I won't lol at this only because of due respect of a fellow MA practitioner It's true that these styles arent currently prominent under MMA rules, but the big factor here are naked bodies of participants, which nullifies allmost every grappling techniques of these schools. How often you can expect that your "real fight" opponent will attack you with a naked torso? Of course Judo wasn't even meant to be a valid "real" fighting style (its a sport, where safety of participants is of first priority), but ju jitsu is still as deadly as you can think of, and you can expect that the very first grapple of a Ju jitsu practitioner means an end of the fight - exactly the same way as a solid, connected kick.   
 
Let me qualify my claim Big%20smile. I knew my reply was going to be lengthy (as my replies so often are) so I was trying to simplify my statements, which led to a few over simplifications. First, I'm making a distinction between Brazilian Jiu Jitsu and "regular" Jujitsu--the regular style being the style I called "incomplete". Second, I should say that when I trained, my speciality was grappling--although I'm no slouch standing up. Wink My point is, I certainly don't have any prejudice against ground fighting. Third, Judo and Jujitsu are certainly still useful styles, for sure. However, I called them "incomplete" simply because Brazilian Jiu Jitsu has all the effective elements that Jujitsu and Judo have, and a whole lot more. 
 
However, I (respectfully) disagree with your reference to the "naked torso" factor. Although Judo, Jujitsu, and Brazilian Jiu Jitsu all make excellent use of clothing (for throws, chokes, etc.), I must say that such use is often (but not always) only "useful" when using a gi/kimono. The kimono is very, very thick, reinforced fabric. I've messed around with fellow training partners trying to implement some of the gi-techniques while in street clothes, and most shirt fabrics are simply too delicate and will tear before completion of a choke, for example. Unless someone attacks while wearing a jacket, then I would strongly "argue" that no-gi techniques are still superior.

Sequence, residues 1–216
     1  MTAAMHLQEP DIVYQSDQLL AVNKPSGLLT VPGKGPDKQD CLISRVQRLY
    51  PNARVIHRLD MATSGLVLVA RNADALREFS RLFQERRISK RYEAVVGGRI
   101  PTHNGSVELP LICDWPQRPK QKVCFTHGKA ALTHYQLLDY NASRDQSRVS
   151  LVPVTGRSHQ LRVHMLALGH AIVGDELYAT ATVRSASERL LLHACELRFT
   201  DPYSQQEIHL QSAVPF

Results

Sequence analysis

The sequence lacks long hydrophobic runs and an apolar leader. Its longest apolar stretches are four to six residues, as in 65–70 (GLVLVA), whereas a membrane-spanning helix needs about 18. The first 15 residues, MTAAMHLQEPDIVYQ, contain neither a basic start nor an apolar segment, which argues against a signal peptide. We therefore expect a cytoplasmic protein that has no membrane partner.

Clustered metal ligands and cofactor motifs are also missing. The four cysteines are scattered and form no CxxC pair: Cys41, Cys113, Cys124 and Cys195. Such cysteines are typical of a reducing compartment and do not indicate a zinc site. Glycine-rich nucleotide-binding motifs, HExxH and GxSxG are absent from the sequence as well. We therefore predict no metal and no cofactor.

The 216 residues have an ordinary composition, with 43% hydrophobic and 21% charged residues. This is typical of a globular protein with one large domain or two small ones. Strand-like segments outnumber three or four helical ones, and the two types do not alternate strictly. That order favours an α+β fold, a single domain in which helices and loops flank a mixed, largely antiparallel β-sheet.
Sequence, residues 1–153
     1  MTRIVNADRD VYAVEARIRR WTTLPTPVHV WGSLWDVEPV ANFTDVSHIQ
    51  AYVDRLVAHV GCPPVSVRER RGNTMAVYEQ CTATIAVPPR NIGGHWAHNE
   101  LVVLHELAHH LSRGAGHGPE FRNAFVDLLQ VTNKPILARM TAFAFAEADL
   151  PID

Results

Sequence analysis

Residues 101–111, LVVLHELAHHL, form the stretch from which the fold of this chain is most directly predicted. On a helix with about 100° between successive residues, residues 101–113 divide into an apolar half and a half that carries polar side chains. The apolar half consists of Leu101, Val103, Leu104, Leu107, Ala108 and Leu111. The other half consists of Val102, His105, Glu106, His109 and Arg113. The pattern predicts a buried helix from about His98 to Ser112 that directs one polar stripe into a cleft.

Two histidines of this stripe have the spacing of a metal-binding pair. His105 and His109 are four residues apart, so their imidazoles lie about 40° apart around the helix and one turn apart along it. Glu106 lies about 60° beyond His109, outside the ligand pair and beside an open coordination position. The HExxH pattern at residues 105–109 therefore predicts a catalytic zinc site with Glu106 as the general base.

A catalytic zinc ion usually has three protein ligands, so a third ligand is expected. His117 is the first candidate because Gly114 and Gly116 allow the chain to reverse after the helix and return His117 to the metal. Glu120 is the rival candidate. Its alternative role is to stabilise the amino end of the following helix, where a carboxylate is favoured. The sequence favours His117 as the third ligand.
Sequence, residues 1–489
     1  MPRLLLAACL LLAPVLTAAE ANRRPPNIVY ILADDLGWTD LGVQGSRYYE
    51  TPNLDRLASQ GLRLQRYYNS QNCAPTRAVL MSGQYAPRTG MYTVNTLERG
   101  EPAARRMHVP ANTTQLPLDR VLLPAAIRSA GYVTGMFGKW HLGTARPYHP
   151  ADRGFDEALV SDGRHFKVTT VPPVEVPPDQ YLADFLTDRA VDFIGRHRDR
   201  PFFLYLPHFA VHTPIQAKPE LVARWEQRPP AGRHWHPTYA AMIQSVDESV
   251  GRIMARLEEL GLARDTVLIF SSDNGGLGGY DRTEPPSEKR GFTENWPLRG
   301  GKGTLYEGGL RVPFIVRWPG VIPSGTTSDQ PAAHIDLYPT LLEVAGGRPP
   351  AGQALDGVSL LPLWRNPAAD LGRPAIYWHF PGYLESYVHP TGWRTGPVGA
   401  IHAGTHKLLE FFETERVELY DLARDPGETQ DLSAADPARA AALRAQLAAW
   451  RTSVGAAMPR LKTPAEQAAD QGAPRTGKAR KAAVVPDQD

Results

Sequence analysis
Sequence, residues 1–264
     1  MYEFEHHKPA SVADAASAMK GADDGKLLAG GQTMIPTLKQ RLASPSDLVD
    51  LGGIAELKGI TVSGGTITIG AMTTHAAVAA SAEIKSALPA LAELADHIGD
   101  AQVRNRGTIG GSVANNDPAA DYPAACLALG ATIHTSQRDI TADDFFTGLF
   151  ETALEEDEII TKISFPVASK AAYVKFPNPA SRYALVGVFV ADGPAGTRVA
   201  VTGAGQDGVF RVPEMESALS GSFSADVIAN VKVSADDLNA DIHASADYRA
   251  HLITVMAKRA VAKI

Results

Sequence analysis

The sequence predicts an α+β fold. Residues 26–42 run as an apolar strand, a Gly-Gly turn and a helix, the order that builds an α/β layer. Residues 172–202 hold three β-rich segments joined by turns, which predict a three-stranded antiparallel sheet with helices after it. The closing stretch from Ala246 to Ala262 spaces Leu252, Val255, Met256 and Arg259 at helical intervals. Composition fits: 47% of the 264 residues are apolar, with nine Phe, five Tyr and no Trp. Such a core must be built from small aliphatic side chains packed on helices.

BUT, let me also state that training in gi-techniques is highly advantageous. Wearing a gi/kimono basically means you have a noose around your neck and handles all over your body. When sparring, it's hot, difficult to move, and there are many more ways to get submitted. Such training teaches one patience, supplies endurance, and keeps you sharp. Good stuff.
 
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Originally posted by Rack Rack wrote:

Anderson Silva  Thumbs%20Up
 
Nice... My favorite as well. He's a dangerous, evil man. LOL
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Post Options Post Options   Thanks (0) Thanks(0)   Quote dual700 Quote  Post ReplyReply Direct Link To This Post Posted: 01/11/2010 at 1:30pm